As Limelight 1 began filling up, English punk rockers The Membranes were given the task of warming the crowd up. The influential Eighties post-punks recently reformed and have seemingly regained the fire of their youth as they steam their way through their half hour set of soaring and expansive post punk.
Although at times their sound is rather floaty/dreamy they're also quite capable of throwing out some spiky, sawing riffs, too. The result is quite textured and interesting (and a touch self indulgent in places). The crowd respond to both the music and hammy, eccentric vocalist/guitarist John Robb with equal measures of bafflement and enthusiasm – a successful set for this capricious lot then.
After a protracted interval, during which the audience is subjected to several rather drab Sixties tunes (with the exception of Dusty Springfield), the burgeoning crowd are finally rewarded by the sight of their home town heroes casually striding onstage. The lights dim, vocalist Andy Cairns opens his mouth, and the angular strains of Infernal Love opener 'Epilepsy' wash over the adoring sea of people.
They barely pause for breath, firing on all cylinders as they power through the album from start to finish, from the straight up thundering rock of 'Stories' to the grungy 'Bad Mother' and a battering 'Loose' complete with flashy guitar solo. In between, Cairns chats amiably, reminiscing about the band's first time playing this venue, encouraging the already ramped up audience ("You got more fucking noise, Belfast?!") and bouncing around like a guitar-clad Tigger – in fact, the whole band look like they're having a blast.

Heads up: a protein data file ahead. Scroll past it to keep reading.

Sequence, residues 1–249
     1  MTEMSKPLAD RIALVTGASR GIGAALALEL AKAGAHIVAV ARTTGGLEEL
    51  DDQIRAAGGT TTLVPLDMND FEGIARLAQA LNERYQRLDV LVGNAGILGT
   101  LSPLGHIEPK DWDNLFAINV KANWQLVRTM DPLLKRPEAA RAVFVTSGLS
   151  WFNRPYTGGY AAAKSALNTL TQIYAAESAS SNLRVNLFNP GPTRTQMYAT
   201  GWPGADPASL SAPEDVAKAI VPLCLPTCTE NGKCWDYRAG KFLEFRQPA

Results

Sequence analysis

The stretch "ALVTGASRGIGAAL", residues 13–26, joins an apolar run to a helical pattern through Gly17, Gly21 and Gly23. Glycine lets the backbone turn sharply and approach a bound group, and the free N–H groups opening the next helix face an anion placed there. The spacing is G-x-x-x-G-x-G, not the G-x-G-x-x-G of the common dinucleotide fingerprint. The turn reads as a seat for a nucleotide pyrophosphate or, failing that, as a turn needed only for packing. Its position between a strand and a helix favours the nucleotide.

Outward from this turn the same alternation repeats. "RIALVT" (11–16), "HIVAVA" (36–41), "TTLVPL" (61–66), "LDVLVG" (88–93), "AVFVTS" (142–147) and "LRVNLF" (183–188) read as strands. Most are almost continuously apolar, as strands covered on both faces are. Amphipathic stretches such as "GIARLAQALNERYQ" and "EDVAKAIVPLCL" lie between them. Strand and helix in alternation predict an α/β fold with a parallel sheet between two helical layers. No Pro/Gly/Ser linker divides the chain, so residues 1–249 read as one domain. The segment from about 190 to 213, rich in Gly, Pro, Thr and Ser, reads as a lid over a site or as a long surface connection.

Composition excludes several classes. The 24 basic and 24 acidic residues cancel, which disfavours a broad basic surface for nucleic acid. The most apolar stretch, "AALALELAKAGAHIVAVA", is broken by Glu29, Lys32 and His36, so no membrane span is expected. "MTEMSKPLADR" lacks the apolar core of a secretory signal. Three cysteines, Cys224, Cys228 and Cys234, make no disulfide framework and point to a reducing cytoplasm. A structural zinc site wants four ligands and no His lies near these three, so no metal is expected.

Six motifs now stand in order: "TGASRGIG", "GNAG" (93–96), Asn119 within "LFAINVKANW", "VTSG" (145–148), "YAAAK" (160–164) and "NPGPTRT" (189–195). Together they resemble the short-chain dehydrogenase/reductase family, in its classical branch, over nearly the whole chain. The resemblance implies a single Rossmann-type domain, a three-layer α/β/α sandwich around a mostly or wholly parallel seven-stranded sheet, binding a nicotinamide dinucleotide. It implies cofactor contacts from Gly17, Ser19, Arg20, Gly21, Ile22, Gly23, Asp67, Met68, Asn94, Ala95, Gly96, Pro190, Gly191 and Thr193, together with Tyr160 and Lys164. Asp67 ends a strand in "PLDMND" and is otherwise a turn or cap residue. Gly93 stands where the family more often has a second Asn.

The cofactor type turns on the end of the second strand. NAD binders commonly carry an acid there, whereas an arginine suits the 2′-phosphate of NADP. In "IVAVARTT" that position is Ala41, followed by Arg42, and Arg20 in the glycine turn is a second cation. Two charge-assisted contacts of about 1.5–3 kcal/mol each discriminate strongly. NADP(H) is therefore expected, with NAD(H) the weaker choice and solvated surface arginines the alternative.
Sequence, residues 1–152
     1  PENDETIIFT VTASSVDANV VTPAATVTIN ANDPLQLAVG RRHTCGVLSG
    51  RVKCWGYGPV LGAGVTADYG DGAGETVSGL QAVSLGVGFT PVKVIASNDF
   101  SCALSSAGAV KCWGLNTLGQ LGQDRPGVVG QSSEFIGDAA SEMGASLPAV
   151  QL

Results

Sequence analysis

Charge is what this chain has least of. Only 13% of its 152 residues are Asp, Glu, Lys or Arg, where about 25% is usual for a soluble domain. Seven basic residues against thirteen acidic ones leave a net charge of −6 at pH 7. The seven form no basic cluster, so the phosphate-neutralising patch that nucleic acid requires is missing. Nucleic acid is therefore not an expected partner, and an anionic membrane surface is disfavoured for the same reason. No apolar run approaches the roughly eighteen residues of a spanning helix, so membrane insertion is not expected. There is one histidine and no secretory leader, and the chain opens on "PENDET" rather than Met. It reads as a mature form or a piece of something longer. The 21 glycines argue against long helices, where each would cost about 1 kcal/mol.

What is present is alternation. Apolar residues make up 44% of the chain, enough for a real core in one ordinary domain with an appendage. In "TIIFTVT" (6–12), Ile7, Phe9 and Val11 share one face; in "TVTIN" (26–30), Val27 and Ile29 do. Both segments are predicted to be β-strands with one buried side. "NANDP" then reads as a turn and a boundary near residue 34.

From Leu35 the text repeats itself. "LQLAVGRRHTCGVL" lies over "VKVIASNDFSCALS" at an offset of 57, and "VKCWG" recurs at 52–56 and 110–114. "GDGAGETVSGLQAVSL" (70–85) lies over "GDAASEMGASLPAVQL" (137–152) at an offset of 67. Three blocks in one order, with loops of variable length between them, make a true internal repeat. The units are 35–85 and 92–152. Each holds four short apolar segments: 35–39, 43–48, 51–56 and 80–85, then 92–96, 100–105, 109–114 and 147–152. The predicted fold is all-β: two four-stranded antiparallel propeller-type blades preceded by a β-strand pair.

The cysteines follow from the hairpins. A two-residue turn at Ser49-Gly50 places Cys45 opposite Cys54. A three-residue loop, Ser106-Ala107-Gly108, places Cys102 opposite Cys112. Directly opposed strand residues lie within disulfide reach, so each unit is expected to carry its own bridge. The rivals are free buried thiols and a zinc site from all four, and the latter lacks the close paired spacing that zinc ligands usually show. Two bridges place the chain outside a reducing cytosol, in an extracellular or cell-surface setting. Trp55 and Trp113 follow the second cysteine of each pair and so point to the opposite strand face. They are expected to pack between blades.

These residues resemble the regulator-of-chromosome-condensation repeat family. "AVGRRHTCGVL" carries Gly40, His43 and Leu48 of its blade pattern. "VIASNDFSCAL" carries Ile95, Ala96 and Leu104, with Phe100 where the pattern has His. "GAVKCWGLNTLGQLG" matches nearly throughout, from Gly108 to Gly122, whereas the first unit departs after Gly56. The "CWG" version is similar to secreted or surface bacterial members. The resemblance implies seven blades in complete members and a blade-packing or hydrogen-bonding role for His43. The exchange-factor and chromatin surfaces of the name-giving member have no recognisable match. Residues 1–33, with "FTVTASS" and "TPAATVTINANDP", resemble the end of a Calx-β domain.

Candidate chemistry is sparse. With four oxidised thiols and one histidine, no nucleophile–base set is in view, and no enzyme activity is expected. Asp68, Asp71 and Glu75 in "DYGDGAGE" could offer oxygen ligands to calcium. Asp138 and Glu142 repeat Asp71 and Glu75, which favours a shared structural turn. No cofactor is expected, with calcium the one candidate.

After a brisk, galloping rendition of album closer '30 Seconds' the band briefly leave the stage before returning to play the second half of their set, opening with 'Still Hurts' which simply bursts with pith and energy. The indie-flavoured 'Die Laughing' follows, with its shades of nuance and depth. Far from being simply an encore, this is essentially a full set; what with the album and this second half, fans are very lucky indeed tonight.
They beautifully demonstrate the breadth of their career by veering from the slow sludge of 'On My Own' to the loud bombast of 'Insecurity', turning on a dime effortlessly. It's not all earnest, po-faced rock though: from an impromptu 'happy birthday to you' from the crowd to drummer Neil Cooper to a biting rendition of 'Potato Junkie' with it's refrain of "James Joyce is fucking my sister!", and clear crowd favourite 'Screamager', there are beaming faces as far as the eye can see.
They wrap up their dynamic set with the punky 'Nowhere' and thank the room, leaving on a drawn out chug of riffs and hail of drumbeats, all to huge (like, HUGE) applause. Local boys done good? Hell yes.
Review by Melanie Brehaut
Pix by Darren McVeigh